My rating: 5 of 5 stars
I’m always excited to read stories that bring something new to the table and when a book is introduced that has a protagonist with an unusual job, it grabbed my attention right away.
Now, Grace McGill is a cleaner…. and not of the daily clean your house kind.
THIS IS THE DEATH KIND…
THE CLEANING UP AFTER DEAD BODIES LIE UNDISCOVERED AND DECOMPOSED FOR MONTHS KIND.
So, right away is the warning to readers who cannot abide reading about leaking fluids and flies and blood, stay away from this riveting story but if you are one of those that can stomach reading them for the sake of an unusual thriller, then just HANG ON, this one is definitely a SIXER, as in parlance of cricket.
Grace McGill is an odd narrator…lonely and with no social skills, with only a cat called George rescued from, of all places, a cemetery for company, she accepts the weirdness of her job with equanimity but believes if someone’s gotta do it, it might as well be her. She is compassionate and sad for all those lonely souls who have had no family or friends to check up on them and thus lay undiscovered for varying lengths of time. Grace’s monologue is morbidly funny, what she says and then what she does are exactly opposite and create light humor in this stark and bleak tale of death and loneliness.
Grace has OCD yes, she does know that but the first half of the book confuses the reader as to her compulsion in chasing a mystery of a photograph she discovers in Tommy Agnew’s apartment. The daisies or gowans left at the site of deaths are not just a coincidence but when the police refuse her theories, Grace takes it upon herself to unearth the hidden secrets to the extent that she organizes a ‘wake’ for Tommy. There is a feeling of disquiet as we discover her fascination is such that she creates stunning dioramas of the place of her client’s deaths. It is this unhealthy obsession that gives the readers the first inkling that nothing is as it seems.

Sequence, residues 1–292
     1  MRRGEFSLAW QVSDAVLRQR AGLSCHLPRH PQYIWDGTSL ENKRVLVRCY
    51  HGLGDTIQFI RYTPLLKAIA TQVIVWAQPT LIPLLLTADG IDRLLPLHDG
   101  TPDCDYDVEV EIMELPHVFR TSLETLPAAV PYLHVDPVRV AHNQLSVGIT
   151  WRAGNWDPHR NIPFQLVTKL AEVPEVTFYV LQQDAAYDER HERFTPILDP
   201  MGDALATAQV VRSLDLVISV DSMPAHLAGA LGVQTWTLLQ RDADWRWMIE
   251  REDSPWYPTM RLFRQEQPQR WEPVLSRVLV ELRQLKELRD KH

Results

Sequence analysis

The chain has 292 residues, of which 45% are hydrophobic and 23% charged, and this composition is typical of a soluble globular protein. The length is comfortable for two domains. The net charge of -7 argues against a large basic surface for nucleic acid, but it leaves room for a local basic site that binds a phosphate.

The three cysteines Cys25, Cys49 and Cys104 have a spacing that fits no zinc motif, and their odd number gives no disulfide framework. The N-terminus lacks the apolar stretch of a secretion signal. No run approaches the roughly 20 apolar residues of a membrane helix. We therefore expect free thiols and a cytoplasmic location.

As Grace follows the footsteps of a girl missing since 1964, the readers are given insight into her upbringing with an alcoholic abusive father and the lengths she could go to for reasons that could be altruistic or not. The shocking twist in the story left me breathless, and of course, had me ripping thru the story after that. It is then that title of the story becomes more than what it is. C S Robertson’s fluid writing gives a sense of Glasgow, Rothesay, and Bute, making me long to take the ferry from Wemyss Bay.
The ending of the story is melancholic but fits right in with the plot but by and large, the Undiscovered Deaths of Grace McGill talks about the loneliness that affects our older generation having no one to care or worry about them, thus facing the ultimate indignity of lying dead for months and years. It is a thought that bears contemplation, as Grace says, it is a CRIME!
Many thanks to Net Galley, Hodder & Stoughton, and the author for a chance to read and review this book. All opinions are expressed voluntarily.
Some people die alone, and someone has to clean what’s left behind – houses, bodies, memories, and old, dark secrets.
Grace McGill is an insular, friendless woman, living in Glasgow in her 30s. She has her beloved cat, and she has her own business – deep cleaning the houses of Undiscovereds. People who die alone and stay that way until they are found weeks, sometimes months, later.
While working in the home of a man named Tommy Agnew, her suspicions are aroused by a hidden photograph and a stack of newspapers, all from the same date over many, many years.
Grace can’t get the mysterious life and sad death of Tommy Agnew out of her head, and she soon begins an investigation that could cost her her life. The past has stayed buried for many years already, but Grace has never been one to brush things under the carpet . . .
A STAND-OUT NOVEL WITH A UNIQUE NARRATIVE VOICE AND AN UNGUESSABLE MYSTERY. YOU ARE GUARANTEED TO REMEMBER GRACE MCGILL.
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